UKIP MEP Robert Kilroy-Silk has accused the Conservatives of plagiarising his policies after Tory Leader Michael Howard called for upper limits on immigration.
"We made the policy announcement two weeks ago saying we would limit immigration to 100,000 and that we would have a points system where people would be selected on the basis of their skills and their aptitudes and ability and their ability to integrate into British society and make a contribution.
"He is saying virtually the same thing. He is plagiarising it, " Mr Kilroy-Silk told BBC radio.
UKIP also wants to pull out of the Geneva Convention on Human Rights to'deal more effectively with asylum seekers'.
Conservative party co-chairman Dr Liam Fox has reportedly warned the Tories need to strengthen their stance on immigration to woo back voters who defected to UKIP at the European elections.
Mr Kilroy-Silk accused Mr Howard of promoting the same policies because 'his chairman Liam Fox is telling him he has got to steal UKIP's clothes because we are stealing their votes. He is actually parroting virtually what I said last week.
"I made a speech last night about Turkey and the government's policy of it wanting to join the EU and I presume Michael Howard will make a speech on Turkey next week.
"The MEP said the reaction from his East Midlands' constituents to UKIP's policies was very positive. "They all feel the same.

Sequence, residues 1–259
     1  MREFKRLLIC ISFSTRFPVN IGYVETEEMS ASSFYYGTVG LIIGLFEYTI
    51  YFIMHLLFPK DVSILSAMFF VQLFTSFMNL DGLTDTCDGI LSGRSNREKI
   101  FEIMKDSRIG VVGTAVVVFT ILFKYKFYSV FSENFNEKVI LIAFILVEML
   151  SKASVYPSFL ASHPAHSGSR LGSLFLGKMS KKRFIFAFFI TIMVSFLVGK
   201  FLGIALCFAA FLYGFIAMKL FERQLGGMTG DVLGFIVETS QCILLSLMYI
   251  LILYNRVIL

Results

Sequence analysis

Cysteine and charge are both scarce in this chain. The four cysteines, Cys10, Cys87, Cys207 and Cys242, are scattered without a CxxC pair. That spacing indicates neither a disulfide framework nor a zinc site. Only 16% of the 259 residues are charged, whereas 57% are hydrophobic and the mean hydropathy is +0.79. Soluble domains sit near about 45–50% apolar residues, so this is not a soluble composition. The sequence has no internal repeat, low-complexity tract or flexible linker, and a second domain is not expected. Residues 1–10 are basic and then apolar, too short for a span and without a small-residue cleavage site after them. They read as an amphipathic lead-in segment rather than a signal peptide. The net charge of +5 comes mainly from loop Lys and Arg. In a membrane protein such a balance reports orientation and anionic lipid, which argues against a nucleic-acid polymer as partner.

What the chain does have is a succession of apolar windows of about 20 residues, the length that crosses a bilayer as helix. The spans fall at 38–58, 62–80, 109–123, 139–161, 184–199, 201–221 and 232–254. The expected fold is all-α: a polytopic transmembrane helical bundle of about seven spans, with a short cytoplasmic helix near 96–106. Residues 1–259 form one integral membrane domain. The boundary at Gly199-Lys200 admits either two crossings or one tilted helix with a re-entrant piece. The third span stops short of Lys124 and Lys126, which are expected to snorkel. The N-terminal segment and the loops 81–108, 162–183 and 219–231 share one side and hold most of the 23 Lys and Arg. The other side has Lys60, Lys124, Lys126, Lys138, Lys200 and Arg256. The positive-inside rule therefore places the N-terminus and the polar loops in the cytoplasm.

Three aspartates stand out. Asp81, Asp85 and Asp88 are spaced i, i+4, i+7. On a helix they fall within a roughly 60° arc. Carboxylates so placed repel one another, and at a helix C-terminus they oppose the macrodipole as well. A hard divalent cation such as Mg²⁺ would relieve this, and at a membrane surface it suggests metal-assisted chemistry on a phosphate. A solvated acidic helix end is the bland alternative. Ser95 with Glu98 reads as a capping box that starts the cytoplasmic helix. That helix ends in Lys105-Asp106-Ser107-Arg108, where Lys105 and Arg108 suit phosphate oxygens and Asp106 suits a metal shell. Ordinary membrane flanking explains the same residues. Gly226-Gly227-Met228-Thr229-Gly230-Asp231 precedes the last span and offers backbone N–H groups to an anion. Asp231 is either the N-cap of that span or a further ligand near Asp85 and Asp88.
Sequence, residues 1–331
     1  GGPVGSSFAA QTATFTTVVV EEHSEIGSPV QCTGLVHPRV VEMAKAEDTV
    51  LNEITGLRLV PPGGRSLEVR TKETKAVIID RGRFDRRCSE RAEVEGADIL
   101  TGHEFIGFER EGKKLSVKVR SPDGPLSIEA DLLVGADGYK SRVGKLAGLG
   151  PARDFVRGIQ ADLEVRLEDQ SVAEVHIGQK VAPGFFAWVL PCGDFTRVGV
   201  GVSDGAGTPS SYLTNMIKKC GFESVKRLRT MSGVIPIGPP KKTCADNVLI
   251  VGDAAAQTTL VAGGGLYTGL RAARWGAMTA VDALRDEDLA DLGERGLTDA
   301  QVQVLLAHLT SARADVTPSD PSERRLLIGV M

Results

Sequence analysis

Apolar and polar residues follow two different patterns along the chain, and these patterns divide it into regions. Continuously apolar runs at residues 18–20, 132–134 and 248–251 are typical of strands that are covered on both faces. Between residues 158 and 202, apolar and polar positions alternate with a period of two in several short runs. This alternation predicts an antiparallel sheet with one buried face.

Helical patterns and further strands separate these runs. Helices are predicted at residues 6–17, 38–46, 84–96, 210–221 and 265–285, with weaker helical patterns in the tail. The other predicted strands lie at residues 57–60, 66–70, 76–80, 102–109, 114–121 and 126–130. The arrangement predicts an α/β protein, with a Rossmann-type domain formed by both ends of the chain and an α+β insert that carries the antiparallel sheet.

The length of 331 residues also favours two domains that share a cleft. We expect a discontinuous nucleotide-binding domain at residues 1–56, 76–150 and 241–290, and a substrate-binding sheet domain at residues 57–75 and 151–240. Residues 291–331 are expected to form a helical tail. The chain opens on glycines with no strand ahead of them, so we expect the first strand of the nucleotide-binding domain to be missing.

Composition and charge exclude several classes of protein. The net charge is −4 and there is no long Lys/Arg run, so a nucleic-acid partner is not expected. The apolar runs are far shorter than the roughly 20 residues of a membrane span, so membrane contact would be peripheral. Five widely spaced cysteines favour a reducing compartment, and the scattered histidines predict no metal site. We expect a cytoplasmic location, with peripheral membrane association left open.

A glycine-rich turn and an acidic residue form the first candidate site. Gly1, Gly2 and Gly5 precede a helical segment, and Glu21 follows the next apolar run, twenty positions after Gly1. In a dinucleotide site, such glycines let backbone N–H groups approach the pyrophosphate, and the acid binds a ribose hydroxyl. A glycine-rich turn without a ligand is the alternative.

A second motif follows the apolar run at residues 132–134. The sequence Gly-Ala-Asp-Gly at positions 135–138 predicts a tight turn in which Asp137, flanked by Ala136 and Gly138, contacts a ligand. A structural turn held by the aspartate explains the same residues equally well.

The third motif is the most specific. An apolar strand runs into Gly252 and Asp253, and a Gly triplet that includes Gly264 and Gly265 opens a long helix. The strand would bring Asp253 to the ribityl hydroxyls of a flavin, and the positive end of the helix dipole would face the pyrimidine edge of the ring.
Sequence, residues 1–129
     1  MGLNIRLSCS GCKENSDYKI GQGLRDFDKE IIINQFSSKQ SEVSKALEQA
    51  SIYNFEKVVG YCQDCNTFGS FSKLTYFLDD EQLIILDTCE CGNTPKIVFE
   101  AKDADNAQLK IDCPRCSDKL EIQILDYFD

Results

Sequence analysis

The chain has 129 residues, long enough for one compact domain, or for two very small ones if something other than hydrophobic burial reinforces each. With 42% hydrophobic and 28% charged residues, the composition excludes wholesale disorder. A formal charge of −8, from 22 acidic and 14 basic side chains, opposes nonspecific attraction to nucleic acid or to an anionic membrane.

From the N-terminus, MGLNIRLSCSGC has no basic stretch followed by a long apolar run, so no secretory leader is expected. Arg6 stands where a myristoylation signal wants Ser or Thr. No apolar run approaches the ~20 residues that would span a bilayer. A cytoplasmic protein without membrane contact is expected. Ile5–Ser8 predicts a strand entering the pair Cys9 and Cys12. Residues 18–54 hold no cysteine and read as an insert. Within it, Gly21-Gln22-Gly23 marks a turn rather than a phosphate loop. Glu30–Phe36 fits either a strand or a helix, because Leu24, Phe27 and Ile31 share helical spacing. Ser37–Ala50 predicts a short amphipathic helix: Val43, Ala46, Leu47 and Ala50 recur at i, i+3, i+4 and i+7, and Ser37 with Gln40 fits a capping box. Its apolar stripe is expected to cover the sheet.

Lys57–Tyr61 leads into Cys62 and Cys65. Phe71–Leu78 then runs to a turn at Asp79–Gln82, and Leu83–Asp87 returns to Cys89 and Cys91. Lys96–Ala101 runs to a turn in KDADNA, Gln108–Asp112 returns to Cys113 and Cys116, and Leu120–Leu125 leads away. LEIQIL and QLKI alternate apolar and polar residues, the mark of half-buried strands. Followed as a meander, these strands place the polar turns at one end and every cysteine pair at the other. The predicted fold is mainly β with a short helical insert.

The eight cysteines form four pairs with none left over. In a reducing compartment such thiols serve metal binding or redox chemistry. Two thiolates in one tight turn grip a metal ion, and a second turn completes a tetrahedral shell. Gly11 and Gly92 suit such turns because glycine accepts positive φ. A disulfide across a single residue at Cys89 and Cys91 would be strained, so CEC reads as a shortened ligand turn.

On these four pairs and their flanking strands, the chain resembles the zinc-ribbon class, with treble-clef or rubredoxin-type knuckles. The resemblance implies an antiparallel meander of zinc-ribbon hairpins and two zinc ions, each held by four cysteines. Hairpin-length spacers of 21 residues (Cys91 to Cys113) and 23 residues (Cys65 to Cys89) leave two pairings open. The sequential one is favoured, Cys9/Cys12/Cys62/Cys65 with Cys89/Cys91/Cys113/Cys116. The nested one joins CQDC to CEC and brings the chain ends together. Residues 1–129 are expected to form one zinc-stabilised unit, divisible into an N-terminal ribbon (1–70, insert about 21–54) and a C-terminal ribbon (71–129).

"They are fed up with the old political parties. I can't see them - given an opportunity to vote for a party that tells the truth, that is honest and straight-talking - I can't see them going back to Labour and I certainly can't see them going back to the Conservatives.
"They regard the Conservatives as losers." Dr Fox admitted that reports of his warning on the Tories' immigration stance were 'selective' but 'accurate'.
"This is a real problem. I notice about some of the language about 'lurch to the right'. This is an issue which concerns a very great number of people in this country and they don't think in left and right the way Westminster commentators do."
Firm immigration controls were essential for management of race relations, management of public services and national security, he said.
"This isn't trying to shore up our core vote. This is rather to reach into areas where we need new votes, the inner cities, the ethnic communities, because they more than anyone else know we can preserve good community relations only by getting the system properly under control."
If the side effect was to deliver more votes for the Conservatives, that would be welcome, he said.
Source: Gallery News, Wednesday September 22nd 2004